Louisiana does not use conservatorship for adults or guardianship for minors.
Instead Louisiana has curators and an interdiction process for adults and
tutors for minors. Out-of-state conservatorships and guardianships can be
recognized in Louisiana and converted to interdictions and tutorships. Powers
of Attorney do cross state lines into Louisiana. Both the interdiction process
and tutorship process do not require consent. Alternatively, power of attorney
does require consent. Additionally power of attorney requires legal capacity.
In other words the person giving power of attorney must be an adult and be
mentally competent to give the power of attorney to another.
Interdiction of an adult can be temporary or permanent, and can be partial or
total. In other words, a temporary interdiction may be granted while an
individual is being medically treated and is not competent, but competency is
expected to be regained. Interdiction can also be partial instead of total. In
other words, it can pertain to financial decisions, but not medical decisions
due to an individual’s gambling, alcohol or drug addiction. Interdiction may
be granted due to physical illness, physical injury, mental illness, mental
retardation or addiction. Interdiction and the curator’s power, expire at death
or at judicial revocation. Interdiction is often sought at the onset of
schizophrenia in young adults, following a closed head injury, or due to
Tutorship of a minor is by it’s nature temporary during the child’s minority
and expires at age 18, on the date of majority, or at death. A parent of an
incapacitated minor may seek tutorship however, at the child’s eighteenth
birthday the parent needs to seek interdiction to continue to manage their
child’s affairs. Minors lack capacity in Louisiana. In other words, they are
not competent to enter a contract, marry, enlist in the military, vote, or sue
without consent of their tutor. Parents, and in their absence, extended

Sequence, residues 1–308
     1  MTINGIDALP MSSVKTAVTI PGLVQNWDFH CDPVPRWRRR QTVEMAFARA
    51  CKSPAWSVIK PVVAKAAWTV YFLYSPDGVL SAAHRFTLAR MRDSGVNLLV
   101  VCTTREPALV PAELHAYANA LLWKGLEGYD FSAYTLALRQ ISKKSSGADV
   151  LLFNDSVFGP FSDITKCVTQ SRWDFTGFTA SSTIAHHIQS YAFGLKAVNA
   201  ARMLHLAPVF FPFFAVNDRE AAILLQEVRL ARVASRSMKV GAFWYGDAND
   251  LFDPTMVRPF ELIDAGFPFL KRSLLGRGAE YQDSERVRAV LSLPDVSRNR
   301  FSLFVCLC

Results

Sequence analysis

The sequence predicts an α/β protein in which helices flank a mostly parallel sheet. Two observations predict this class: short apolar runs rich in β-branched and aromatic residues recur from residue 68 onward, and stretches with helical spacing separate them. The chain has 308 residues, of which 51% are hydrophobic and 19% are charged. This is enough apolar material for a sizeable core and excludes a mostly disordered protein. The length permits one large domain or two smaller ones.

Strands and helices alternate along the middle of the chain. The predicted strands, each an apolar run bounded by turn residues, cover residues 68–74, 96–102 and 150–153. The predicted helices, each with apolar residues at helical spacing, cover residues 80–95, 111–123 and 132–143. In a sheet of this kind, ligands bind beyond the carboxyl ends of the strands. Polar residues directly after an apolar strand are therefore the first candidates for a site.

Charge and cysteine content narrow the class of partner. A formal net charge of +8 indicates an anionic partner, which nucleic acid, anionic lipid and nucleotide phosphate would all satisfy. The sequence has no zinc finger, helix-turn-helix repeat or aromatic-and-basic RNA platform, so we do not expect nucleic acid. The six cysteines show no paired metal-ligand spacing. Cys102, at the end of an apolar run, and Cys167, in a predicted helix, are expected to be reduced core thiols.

relatives, may be appointed as their tutors to either defend their rights or assert
their rights. Tutorship is often sought when a minor is injured in a car
accident or is a an heir, so that the child’s parent can sue on the child’s behalf
or manage their finances.
Power of attorney can only be granted by a competent adult. Power of
attorney can therefore not be granted by someone suffering from mental
illness, addiction, a closed head injury affecting competence, mental
retardation or dementia. There are two kinds of power of attorney in
Louisiana. Power of attorney is by it’s nature, temporary. It expires on a set
date, when it is revoked by the grantor, at death or when the person who
granted it, becomes incapacitated. However, a durable power of attorney
remains in force after the person granting it becomes incapacitated, but
likewise expires when revoked by the grantor or at death. Power of attorney is
a tool often used by service members going active duty or when traveling.
Call 985-892-1955 if you need a power of attorney, to seek tutorship of a
child, or to seek interdiction of an adult. Ellen Cronin Badeaux, LLC, with 25
years of family law experience, is qualified to prepare and execute power of
attorney documents, represent those seeking tutorship of a child or interdiction
of an adult in Amite, Baton Rouge, Bogalusa, Chalmette, Clinton, Covington,
Denham Springs, Franklinton, Gonzales, Greensburg, Gretna, Hammond,
Harvey, Kenner, Livingston, Madisonville, Mandeville, Metairie, New
Orleans and Slidell in Ascension, East Baton Rouge, East or West Feliciana,
Jefferson, Livingston, Orleans, St. Bernard, St. Helena, St. Tammany,
Tangipahoa and Washington parishes

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